The law requires an independent person to sign off that a firm’s financial statements are “true and fair” and have been prepared using the relevant legislation. In the UK, that’s the Companies Act.
The firms that carry out the work needed to give that opinion are auditors. These are typically firms of qualified chartered accountants who spend time at the firm interviewing managers and checking records.
They are looking for instances of fraud, or simply large errors in either the numbers that make up the accounts, or the narrative that appears in, say, the accompanying director’s report.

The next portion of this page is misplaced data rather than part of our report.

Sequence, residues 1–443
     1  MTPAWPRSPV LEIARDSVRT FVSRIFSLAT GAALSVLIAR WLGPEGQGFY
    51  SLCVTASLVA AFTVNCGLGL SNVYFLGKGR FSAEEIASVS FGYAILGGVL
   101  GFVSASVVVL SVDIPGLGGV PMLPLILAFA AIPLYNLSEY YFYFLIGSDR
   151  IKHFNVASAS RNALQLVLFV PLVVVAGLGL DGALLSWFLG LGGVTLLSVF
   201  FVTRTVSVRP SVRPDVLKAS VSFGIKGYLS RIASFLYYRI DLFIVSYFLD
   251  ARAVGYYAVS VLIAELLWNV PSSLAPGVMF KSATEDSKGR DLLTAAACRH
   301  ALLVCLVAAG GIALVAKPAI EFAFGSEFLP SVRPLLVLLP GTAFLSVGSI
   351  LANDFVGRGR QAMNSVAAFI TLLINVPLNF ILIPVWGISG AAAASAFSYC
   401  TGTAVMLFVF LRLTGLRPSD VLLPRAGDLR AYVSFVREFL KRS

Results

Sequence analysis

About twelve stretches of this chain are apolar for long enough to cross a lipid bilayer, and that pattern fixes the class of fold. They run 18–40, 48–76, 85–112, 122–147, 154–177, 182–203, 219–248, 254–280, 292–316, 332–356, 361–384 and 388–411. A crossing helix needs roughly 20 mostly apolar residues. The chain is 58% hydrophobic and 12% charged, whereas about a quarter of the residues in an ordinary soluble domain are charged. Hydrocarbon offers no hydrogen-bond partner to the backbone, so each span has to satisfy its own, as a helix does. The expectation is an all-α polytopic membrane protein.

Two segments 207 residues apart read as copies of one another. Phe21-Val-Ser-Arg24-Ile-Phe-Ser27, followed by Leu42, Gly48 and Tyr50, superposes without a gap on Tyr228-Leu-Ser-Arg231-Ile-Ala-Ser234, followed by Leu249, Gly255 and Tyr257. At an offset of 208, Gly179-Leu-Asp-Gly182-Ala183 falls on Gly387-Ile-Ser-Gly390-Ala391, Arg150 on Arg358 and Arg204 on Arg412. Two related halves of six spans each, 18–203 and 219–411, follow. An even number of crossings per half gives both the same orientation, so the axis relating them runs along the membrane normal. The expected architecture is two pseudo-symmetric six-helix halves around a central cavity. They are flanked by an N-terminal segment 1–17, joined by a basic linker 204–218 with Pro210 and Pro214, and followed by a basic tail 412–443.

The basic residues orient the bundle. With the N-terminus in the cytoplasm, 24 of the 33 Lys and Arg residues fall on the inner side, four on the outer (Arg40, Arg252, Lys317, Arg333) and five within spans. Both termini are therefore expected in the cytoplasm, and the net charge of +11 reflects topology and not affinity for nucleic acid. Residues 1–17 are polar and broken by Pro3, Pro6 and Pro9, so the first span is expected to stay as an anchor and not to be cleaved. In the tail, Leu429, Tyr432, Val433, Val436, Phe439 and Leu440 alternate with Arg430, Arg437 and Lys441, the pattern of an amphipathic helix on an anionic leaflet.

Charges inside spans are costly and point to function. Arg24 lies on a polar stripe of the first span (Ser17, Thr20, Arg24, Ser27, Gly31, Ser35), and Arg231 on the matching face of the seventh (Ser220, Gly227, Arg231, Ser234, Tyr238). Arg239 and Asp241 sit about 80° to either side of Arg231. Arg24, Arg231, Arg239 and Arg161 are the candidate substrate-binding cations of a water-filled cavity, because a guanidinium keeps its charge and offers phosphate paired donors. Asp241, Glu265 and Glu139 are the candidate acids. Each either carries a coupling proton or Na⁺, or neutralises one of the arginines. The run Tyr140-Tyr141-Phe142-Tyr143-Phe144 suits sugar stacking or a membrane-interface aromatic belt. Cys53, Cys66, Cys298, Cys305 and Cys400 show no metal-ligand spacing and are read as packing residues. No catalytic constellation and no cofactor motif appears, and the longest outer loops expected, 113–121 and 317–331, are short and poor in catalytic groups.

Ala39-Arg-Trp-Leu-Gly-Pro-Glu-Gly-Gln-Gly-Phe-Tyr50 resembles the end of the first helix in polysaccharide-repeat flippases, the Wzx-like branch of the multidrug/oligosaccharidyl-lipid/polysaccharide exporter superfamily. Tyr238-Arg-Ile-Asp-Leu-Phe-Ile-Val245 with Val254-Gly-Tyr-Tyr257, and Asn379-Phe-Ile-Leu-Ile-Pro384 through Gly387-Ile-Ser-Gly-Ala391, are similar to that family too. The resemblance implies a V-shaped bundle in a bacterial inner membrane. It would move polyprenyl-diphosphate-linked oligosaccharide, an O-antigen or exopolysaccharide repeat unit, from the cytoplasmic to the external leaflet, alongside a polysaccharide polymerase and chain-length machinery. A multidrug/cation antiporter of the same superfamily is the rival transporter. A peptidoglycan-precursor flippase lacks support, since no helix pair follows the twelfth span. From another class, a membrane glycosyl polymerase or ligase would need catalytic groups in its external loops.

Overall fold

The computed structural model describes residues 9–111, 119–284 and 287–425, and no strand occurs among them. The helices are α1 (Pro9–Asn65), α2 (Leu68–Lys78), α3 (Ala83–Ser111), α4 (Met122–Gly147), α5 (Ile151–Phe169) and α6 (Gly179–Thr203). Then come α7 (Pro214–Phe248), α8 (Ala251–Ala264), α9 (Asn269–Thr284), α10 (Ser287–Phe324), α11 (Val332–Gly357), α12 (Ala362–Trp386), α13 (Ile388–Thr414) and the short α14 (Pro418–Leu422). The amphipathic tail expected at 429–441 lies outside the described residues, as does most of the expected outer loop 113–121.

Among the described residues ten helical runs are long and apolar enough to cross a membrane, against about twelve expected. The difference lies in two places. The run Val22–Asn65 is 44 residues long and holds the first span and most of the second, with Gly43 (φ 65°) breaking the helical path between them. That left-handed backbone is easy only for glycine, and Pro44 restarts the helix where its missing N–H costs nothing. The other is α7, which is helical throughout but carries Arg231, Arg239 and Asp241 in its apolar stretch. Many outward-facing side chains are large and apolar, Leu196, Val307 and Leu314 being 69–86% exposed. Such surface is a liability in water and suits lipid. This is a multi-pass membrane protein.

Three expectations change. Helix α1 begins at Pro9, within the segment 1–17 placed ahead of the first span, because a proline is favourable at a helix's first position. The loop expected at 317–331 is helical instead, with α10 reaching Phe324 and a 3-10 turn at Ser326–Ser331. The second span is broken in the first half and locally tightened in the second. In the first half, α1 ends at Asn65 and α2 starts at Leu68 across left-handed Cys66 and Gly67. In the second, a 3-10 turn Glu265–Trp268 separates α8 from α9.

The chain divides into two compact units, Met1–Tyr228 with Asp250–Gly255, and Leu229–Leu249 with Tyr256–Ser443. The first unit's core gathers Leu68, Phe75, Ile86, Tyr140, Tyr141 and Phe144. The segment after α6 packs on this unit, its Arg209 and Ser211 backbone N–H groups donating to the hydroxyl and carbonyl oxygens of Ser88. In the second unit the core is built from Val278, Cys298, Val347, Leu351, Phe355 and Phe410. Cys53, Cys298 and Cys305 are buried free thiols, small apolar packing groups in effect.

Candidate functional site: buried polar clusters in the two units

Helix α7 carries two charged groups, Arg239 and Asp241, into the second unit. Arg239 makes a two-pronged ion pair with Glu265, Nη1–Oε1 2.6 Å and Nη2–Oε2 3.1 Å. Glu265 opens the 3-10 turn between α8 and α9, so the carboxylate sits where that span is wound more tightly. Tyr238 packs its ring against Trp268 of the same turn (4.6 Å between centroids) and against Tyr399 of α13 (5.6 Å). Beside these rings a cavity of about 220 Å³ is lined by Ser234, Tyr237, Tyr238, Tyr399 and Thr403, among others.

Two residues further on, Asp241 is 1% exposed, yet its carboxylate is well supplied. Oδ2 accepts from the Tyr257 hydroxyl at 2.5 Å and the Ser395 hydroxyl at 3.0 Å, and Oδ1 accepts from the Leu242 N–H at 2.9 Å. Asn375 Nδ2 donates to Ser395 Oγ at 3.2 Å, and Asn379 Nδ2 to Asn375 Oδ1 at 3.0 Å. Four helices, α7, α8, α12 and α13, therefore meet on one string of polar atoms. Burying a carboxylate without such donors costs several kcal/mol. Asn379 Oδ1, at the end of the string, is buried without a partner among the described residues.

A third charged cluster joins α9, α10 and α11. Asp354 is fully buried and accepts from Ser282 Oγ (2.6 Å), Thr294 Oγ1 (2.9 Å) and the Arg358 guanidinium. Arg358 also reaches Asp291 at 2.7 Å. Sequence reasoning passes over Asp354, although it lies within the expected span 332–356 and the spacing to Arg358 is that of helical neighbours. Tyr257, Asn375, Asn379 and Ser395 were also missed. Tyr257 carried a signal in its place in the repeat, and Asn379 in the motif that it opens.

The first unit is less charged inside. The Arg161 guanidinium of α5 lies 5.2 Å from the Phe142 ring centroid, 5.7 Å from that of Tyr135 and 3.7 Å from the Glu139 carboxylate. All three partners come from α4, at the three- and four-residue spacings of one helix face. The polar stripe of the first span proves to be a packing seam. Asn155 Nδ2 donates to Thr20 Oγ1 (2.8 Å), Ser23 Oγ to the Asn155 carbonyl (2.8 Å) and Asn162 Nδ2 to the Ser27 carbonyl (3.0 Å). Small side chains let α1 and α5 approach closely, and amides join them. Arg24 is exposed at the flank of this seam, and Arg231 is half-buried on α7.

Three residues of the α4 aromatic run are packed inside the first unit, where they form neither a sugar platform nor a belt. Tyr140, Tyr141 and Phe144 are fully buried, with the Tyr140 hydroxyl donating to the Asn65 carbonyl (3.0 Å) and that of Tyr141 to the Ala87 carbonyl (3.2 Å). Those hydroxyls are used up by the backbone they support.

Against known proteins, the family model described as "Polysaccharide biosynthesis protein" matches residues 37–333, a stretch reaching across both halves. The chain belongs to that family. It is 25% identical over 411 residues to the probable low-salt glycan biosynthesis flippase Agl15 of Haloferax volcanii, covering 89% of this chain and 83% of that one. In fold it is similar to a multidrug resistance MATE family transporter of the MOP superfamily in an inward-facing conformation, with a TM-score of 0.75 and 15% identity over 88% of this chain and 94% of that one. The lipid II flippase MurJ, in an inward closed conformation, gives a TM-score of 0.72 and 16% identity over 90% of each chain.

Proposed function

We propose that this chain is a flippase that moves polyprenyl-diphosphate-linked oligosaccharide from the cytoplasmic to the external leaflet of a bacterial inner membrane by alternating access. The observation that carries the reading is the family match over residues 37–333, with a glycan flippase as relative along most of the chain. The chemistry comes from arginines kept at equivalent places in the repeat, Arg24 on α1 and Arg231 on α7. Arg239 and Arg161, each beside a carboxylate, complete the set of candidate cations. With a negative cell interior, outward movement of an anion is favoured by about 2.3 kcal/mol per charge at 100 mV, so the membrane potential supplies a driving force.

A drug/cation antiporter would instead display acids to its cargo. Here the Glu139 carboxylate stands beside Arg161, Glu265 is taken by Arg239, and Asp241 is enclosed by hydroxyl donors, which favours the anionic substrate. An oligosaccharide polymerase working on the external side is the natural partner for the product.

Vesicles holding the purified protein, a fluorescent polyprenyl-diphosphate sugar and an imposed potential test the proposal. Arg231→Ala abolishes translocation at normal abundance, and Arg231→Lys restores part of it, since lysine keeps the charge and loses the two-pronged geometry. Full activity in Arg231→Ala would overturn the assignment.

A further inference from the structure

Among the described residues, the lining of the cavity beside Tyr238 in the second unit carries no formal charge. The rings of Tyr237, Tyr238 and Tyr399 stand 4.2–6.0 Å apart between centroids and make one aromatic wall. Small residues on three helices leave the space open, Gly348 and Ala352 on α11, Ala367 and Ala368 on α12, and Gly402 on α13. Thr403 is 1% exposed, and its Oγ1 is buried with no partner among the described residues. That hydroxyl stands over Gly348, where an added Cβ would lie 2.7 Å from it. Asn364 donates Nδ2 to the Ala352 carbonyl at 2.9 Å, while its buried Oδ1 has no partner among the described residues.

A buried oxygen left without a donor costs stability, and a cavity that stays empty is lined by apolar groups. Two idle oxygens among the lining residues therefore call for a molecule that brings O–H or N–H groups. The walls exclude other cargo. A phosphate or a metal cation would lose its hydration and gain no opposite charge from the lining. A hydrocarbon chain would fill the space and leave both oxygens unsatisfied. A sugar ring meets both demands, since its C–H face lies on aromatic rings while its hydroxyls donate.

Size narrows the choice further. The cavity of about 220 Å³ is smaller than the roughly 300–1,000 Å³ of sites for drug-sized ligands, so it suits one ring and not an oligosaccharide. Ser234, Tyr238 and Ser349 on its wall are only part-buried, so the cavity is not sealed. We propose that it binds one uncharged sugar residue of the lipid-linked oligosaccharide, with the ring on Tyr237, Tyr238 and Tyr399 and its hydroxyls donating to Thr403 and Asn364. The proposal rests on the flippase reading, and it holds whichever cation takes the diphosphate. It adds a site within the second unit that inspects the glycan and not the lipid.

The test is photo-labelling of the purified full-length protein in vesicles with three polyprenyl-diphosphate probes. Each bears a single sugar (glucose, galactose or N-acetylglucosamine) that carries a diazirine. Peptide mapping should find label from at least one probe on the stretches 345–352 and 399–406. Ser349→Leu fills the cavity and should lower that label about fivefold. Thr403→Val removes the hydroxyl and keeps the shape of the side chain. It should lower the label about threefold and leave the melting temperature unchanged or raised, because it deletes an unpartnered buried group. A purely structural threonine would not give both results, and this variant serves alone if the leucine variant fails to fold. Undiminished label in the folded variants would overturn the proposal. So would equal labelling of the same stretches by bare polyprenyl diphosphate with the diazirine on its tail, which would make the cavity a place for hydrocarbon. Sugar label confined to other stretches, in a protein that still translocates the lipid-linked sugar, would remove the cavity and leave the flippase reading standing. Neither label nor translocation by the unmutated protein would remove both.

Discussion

Note that the auditors do not usually prepare the accounts – that is the job of the firm’s finance director. Also, ultimately, they are doing their work on behalf of a firm’s shareholders.